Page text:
The Tour de France’s first racers had to fend for themselves. Starting before dawn and…
You can still help support the World Bicycle Relief here. Your donations will be used to provide bicycles to young people who’s education has been hindered by the barrier of distance.
Fixing your own punctures. Preparing your own meals. Riding upwards of 300 kilometers in a single stage. These were just some of the features of the Tour de France in the early 20th century. Seeking a new challenge, Lachlan Morton set out to reclaim the spirit of the original Tour de France. The goal? Ride the entire Tour de France route, plus transfers, and reach Paris before the peloton.
It’s not unusual to develop aches and pains when riding a Grand Tour, so when Lachlan’s knee became sore after covering 940 kilometers in the first few days, he knew he had to get creative. Enter a pair of plastic sandals and flat pedals he picked up along the way. The sandals quickly soothed his aching knee, allowing Lachy to push ahead with the Alt Tour.
The conditions were not always kind to Lachlan. He encountered rain in the opening days, heat in the south of France, and mountains just about everywhere else. With a double ascent of Mont Ventoux and some particularly tough stages in the Pyrenees, the terrain tested Lachlan. Despite this – or perhaps because of – he found joy and motivation in the simplest of moments. Biting into a freshly baked pastry from a local boulangerie. Setting up camp for the night next to a flowing river. Enjoying a cold beer in the grass after a long day in the saddle. The act of warming up a meal–to call it cooking would be a stretch–over his portable stove evoked the adventurous spirit of the original Tour de France. Indeed, the ghosts of Tour riders past accompanied Lachlan on his journey across France.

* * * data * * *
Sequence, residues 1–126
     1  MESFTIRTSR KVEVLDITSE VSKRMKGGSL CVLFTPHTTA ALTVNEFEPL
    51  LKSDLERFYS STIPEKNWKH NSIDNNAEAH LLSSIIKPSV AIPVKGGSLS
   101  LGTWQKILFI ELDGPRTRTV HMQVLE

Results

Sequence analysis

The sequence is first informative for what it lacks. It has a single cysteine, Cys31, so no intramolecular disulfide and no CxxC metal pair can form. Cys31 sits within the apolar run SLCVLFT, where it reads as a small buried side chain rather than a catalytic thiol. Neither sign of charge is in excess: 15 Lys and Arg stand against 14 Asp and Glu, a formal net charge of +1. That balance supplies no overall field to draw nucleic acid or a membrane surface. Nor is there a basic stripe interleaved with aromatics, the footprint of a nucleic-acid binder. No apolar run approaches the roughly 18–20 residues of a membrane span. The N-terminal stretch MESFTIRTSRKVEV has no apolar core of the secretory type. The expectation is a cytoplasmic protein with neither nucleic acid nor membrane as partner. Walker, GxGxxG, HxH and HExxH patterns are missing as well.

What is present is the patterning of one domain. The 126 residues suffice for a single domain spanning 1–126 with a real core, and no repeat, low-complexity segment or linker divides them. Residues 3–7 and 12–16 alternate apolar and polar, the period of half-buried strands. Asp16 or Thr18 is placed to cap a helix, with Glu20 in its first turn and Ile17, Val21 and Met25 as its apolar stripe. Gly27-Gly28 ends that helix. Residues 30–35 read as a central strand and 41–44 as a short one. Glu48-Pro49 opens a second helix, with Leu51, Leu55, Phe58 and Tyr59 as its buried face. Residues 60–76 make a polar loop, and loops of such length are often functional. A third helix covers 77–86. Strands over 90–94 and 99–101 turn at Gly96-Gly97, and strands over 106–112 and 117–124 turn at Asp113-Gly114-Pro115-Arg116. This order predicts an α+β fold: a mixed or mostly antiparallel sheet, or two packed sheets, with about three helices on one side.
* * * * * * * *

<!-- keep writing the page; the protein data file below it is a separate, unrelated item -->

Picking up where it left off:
While Lachlan rode the Alt Tour without the support of mechanics, hotels, and soigneurs, he did find support en route in the form of dot-watchers. Following the dot as it marked his progress online, fans met up with Lachy on the road to offer encouragement, company, and snacks. Perhaps the biggest morale boosts came in the form of visits from his family in the closing days. His wife joined him for lunch in Andorra and a few days later, unbeknownst to him, his father flew in as a surprise in time to see his son head off for the long ride to Paris.